Israel’s army released a deceptively edited video on Thursday, hoping to tarnish the image of Razan al-Najjar, a Palestinian paramedic killed by Israeli fire in Gaza last week.

According to witness testimony, al-Najjar, who was 21, was gunned down last Friday after she and other medics, walking with their hands up and wearing white vests, approached the perimeter that confines Palestinians to Gaza in order to treat a wounded protester.


TOPSHOT - Palestinian paramedics approach the barbed wire fence with Israel to tend to injured protesters during clashes along the border east of Khan Yunis in the southern Gaza strip on June 1, 2018. (Photo by Said KHATIB / AFP)        (Photo credit should read SAID KHATIB/AFP/Getty Images)

Palestinian paramedics approached Israel’s perimeter fence around Gaza to tend to injured protesters, east of Khan Yunis in the southern Gaza Strip on June 1, 2018.

Photo: Said Khatib/AFP/Getty Images

Video released by the health ministry in Gaza, said to show al-Najjar and the others just before the Israelis opened fire, seemed to confirm that their hands were in the air as they advanced.

The fatal shooting of the young woman, who had spoken eloquently about her lifesaving role to a New York Times video journalist and on Lebanese television, has been a public relations disaster for Israel.

Killing al-Najjar, who clearly posed no threat to its soldiers, made it difficult for Israel’s army to argue that its snipers targeted only “rioters” in Gaza and did not fire indiscriminately at peaceful protesters, journalists, and medics.

In response to an international outcry over her death, the Israel Defense Forces said earlier this week that al-Najjar had been killed accidentally by a soldier aiming at someone else. Then, on Thursday, the army’s social media unit began a coordinated smear campaign against her, by falsely suggesting in a video that she had been engaged in rioting and had attended the protests to shield militants disguised as protesters.

As evidence of “rioting,” the military offered just 10 seconds of video, underpinned by music suitable for a horror movie, which showed a woman who was dressed like al-Najjar tossing away a tear gas canister fired at protesters by Israeli forces. If the woman was al-Najjar, the video only showed her participating in a ritual familiar to protesters around the world — tossing tear gas fired at them as far away as possible. The video also shows that she hurled the canister only a short distance, and it landed nowhere near any Israeli soldiers.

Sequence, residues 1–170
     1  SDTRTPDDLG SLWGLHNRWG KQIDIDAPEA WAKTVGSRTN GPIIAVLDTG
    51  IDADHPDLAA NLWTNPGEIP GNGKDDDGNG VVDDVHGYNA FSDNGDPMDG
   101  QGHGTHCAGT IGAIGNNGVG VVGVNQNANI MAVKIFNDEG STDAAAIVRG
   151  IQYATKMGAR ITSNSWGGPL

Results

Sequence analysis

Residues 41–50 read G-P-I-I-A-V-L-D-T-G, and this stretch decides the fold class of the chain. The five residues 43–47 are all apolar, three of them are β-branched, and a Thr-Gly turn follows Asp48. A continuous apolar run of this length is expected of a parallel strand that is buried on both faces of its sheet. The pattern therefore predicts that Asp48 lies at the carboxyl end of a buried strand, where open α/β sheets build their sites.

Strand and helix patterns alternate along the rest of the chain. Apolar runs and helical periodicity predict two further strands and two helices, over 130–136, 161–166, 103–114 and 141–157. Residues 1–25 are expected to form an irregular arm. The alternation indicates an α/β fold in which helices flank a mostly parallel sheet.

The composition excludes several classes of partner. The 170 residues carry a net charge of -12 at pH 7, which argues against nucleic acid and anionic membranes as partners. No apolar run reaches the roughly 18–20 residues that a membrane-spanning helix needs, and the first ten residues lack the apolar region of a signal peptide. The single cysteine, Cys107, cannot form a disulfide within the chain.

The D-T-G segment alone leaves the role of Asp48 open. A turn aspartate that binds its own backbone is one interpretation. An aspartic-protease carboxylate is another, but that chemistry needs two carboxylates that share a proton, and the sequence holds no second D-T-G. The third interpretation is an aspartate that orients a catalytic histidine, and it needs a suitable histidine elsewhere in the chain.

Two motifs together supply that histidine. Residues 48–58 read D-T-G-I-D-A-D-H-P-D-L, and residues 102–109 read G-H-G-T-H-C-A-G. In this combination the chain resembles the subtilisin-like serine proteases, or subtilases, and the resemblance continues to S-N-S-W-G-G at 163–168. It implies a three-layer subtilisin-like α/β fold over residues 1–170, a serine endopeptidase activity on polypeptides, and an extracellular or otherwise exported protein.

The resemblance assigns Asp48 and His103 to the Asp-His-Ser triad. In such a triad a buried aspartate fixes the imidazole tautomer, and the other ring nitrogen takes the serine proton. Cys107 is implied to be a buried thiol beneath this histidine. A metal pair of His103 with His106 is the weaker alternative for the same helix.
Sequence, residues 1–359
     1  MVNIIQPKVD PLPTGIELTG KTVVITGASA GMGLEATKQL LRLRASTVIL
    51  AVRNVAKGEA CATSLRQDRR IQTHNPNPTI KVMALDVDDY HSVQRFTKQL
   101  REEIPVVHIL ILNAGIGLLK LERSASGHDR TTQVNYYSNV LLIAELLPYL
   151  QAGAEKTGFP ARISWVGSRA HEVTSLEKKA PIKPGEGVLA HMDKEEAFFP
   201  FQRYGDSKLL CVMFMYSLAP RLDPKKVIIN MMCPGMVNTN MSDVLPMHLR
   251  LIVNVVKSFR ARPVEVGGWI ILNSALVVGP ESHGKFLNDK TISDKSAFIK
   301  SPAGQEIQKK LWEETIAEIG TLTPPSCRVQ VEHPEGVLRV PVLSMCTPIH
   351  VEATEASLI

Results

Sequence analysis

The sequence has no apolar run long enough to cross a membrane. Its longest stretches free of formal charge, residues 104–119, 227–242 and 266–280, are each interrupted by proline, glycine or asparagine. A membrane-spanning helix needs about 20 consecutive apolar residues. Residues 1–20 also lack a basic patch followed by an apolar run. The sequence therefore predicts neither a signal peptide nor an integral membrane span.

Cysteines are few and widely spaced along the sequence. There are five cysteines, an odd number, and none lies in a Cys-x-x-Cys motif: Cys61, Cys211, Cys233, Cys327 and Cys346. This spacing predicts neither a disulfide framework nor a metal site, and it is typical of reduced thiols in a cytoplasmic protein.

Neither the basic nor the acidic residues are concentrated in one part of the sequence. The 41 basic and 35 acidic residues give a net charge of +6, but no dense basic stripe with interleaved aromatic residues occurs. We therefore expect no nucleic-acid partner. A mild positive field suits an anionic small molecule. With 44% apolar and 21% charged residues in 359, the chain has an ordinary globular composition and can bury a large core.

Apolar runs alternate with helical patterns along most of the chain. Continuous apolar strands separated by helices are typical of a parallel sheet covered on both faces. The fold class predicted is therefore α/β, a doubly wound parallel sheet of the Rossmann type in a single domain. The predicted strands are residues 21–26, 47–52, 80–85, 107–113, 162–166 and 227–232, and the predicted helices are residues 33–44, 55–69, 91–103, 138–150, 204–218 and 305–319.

The second part of the video that supposedly excuses the killing of al-Najjar is half a sentence clipped from an interview she gave to the Lebanese broadcaster Al Mayadeen News, in which she had called her role as a protest medic being “a human shield to protect and save the injured on the front lines.” An Israeli military editor cut that sentence in half to make it seems as if al-Najjar had been caught admitting that she was only present to provide cover to militants.

Despite these obvious shortcomings, a version of the video was shared by Ofir Gendelman, a spokesperson for Israeli Prime Minister Benjamin Netanyahu, who, as an Arabic speaker, must have been aware that the medic’s comments had been taken out of context.

Joe Dyke of Agence France-Presse reported that Gendelman “denied that the editing of the video to remove the full context about serving injured people could be seen as political manipulation.” If al-Najjar acted as a human shield, Gendelman told AFP, that meant that she was “not a medic.”

The video was also shared by Netanyahu’s former spokesperson, Mark Regev, who is now Israel’s ambassador to Britain; Israel’s foreign ministry; and Maj. Avichay Adraee, an Arabic language spokesperson for the Israeli military, who claimed on Twitter that the video somehow proved that al-Najjar was “no angel.”

The smear campaign outraged Palestinian and Israeli observers who oppose Israel’s ongoing occupation and lying.

Michael Omer-Man, the editor-in-chief of Israel’s +972 Magazine, noted that Israel’s military has a track record when it comes to releasing heavily edited videos of questionable ethics.

In 2010, the Israeli army also released what appeared to be fake audio, intended to discredit the Turkish-led Gaza flotilla, of an activist supposedly saying to an Israeli officer over the radio, “Shut up, go back to Auschwitz,” and, “We’re helping Arabs go against the U.S. Don’t forget 9/11, guys.”

While such videos have failed to convince critics of Israel’s military, an Israeli public which overwhelmingly supports the use of force in Gaza might be more easily swayed. (A recent poll found that 62 percent of Jewish Israelis think their military has used the right amount of force in response to the protests in Gaza, where more than 3,500 Palestinian protesters have been shot and at least 120 have been killed. Another 28 percent of the Jewish Israeli public says the army has used too little force.)

“The IDF spokesperson published an edited video, comprised of clips that have no connection to each other nor to the day al-Najjar was killed, to justify the killing of the young paramedic, to prove that she was not simply an innocent nurse, and to present her as a terrorist or a potential terrorist,” Yael Marom observed in +972 Magazine.

“The video says: It was okay to kill her, she was an Arab,” he added. “And Israel’s mainstream outlets, to prove their patriotism and to boost their ratings, completely bought the IDF’s spin. They published the clip without questions or clarifications or warnings that it was not in any verified, and that it in no way justifies her killing. A broadcaster on one of Israel’s most-watched channels even said, without any proof of this in the video, that al-Najjar threw the tear gas canister ‘during a violent protest.'”